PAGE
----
Footage from the scene showed little attempt by the protestors to retaliate, with many holding up their hands and chanting “this is not a riot” to little avail.
Towards midnight officers forcefully cleared the remainder of the camp, this time accompanied by police dogs and several armoured vehicles.
The video footage of both incidents has sparked controversy. The Liberal Democrats have called for an investigation, with David Howarth, the Liberal Democrat justice spokesman, calling the Tomlinson assault a “sickening and unprovoked attack.”
Metropolitan Police commissioner Sir Paul Stephenson has since stated that: “the images that have now been released raise obvious concerns and it is absolutely right and proper that there is a full investigation into this matter, which the Met will fully support.”
As this is being written, the policeman responsible for assaulting Mr Tomlinson has come forward. The Independent Police Complaints Commission has launched an investigation to whether charges should be brought to bear, although the officer responsible has not been suspended from duty.
Some could be forgiven for thinking of the case of Jean Charles De Menezes – the Brazilian electrician who was shot to death in London by Met officers in 2005. It was considerable time before those responsible were subject to any formal legal action, and even then it was on the grounds of health and safety legislation.
All involved, including those who commanded the operation as well as those that did the shooting, were exempted from criminal penalty.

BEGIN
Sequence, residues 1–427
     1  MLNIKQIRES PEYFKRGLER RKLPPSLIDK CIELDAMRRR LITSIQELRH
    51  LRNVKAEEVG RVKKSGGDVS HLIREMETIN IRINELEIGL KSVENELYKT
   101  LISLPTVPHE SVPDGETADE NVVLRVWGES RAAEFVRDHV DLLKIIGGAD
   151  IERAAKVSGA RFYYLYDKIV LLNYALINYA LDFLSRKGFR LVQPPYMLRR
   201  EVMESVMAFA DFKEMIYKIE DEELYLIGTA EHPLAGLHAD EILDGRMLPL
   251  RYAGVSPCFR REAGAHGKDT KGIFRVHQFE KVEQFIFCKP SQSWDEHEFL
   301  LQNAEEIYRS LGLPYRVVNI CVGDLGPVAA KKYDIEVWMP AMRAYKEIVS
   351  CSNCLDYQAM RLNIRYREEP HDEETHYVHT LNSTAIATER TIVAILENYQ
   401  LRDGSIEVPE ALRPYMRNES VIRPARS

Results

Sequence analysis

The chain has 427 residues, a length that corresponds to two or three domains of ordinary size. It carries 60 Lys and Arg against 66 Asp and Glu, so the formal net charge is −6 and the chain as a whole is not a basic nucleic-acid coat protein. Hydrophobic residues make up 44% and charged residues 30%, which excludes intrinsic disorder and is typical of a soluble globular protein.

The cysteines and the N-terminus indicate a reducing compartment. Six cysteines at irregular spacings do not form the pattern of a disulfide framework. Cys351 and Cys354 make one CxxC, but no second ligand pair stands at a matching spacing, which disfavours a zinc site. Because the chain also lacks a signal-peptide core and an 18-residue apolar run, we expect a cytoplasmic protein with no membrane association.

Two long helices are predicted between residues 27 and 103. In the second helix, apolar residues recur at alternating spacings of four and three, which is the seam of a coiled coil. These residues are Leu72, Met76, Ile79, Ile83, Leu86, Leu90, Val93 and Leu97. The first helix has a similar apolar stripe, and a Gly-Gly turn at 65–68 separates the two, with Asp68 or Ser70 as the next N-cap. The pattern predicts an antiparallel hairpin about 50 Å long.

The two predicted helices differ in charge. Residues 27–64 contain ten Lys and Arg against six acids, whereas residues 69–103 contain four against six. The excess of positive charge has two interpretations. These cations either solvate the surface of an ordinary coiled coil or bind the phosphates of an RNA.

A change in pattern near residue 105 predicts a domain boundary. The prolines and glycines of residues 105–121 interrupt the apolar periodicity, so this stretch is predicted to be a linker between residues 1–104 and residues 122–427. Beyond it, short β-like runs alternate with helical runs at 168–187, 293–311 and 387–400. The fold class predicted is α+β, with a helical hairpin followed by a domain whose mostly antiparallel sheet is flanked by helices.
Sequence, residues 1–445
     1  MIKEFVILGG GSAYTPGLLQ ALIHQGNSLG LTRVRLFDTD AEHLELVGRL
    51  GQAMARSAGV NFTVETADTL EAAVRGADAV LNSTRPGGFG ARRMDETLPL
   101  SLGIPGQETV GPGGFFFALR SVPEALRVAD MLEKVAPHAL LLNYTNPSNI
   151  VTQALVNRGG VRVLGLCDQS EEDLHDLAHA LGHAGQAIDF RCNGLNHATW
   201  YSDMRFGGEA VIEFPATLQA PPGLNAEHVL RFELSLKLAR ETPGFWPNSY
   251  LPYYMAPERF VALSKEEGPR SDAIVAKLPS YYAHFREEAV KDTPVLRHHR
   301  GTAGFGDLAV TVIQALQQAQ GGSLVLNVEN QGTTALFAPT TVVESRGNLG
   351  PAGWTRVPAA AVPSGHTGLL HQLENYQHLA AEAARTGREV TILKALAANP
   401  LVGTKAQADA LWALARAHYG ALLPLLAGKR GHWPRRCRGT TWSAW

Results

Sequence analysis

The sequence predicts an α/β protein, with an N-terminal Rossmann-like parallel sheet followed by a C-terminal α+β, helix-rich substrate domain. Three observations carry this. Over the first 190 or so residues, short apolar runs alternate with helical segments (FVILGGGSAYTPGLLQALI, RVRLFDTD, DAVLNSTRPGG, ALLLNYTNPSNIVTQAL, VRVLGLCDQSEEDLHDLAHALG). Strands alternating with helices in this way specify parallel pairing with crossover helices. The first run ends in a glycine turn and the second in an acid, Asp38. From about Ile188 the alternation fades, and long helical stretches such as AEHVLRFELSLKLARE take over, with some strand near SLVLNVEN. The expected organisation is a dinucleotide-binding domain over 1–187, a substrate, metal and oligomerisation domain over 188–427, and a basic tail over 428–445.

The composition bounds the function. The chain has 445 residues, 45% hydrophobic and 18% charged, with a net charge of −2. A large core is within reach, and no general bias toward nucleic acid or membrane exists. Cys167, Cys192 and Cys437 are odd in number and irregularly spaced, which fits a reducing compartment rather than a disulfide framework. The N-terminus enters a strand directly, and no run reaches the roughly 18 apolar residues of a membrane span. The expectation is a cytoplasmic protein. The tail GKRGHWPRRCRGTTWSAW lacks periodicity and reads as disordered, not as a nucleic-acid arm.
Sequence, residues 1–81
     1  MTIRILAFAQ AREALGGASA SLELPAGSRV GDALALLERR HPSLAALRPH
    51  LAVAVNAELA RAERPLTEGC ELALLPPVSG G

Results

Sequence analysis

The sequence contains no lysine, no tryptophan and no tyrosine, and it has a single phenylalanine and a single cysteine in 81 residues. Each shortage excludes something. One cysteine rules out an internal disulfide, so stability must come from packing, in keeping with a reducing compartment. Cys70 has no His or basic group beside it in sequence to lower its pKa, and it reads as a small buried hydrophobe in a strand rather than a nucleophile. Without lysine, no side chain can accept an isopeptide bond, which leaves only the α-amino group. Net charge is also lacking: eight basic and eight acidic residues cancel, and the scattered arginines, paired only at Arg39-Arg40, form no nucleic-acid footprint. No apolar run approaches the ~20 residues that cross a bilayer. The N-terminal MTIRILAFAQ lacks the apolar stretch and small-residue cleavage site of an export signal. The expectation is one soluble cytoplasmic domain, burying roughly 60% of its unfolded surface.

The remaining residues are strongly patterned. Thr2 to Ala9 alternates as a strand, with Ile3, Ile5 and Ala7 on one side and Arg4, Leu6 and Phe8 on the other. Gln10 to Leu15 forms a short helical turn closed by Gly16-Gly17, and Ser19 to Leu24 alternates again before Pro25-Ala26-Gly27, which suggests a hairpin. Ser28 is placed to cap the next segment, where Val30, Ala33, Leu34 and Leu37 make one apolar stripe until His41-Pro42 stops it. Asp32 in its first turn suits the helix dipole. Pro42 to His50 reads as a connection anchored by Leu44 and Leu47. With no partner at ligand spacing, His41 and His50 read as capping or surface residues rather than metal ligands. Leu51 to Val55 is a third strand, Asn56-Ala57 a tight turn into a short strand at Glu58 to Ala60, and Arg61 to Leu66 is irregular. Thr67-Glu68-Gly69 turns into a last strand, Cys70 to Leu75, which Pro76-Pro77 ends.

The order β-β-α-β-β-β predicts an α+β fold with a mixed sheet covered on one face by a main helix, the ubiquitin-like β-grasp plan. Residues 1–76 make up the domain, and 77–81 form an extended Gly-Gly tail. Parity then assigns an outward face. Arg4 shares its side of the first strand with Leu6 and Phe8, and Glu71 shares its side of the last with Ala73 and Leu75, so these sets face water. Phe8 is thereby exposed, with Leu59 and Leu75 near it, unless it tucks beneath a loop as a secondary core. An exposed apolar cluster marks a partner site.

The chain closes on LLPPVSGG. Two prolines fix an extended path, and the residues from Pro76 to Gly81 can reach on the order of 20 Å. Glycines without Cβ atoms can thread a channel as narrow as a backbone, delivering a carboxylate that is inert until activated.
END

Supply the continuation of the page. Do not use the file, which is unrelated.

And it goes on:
The behaviour of the police at the G20 should prove alarming to anyone. Our fundamental right of assembly is being infringed upon by a police force that has become increasingly unaccountable.
Citizens should be able to convene in public for any political or cultural reason they see fit, without fear of being assaulted, or in this case killed, by rampaging officers.
Socialists therefore should demand the officer responsible should be suspended at once. Criminal charges then need to be investigated, with full compensation for the victim’s family.
A full inquiry must then be launched into other cases of police brutality on the day, as well as uncovering why the initial police statement to the press was so at odds with the truth.
Proper stewarding of future demonstrations must also be enacted by workers themselves. Individuals looking to commit acts of vandalism and engage police lines for the sake of excitement should be excluded. Physical defence against the kind of brutality seen on the 2nd April should however be fully endorsed, with workers’ committees set up to oversee the safety of protestors.
Steps need to be taken to ensure this never happens again. Bringing the police to accept responsibility, as well as countering the fabrications released into the press, must be a part of that. The death of Ian Tomlinson has proved yet again that the forces of the state are not neutral, but hostile – sometimes murderously so – to the working class movement. The sooner this fact is appreciated the better.
This article first appeared on Socialist Appeal.
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This post was written by Daniel Read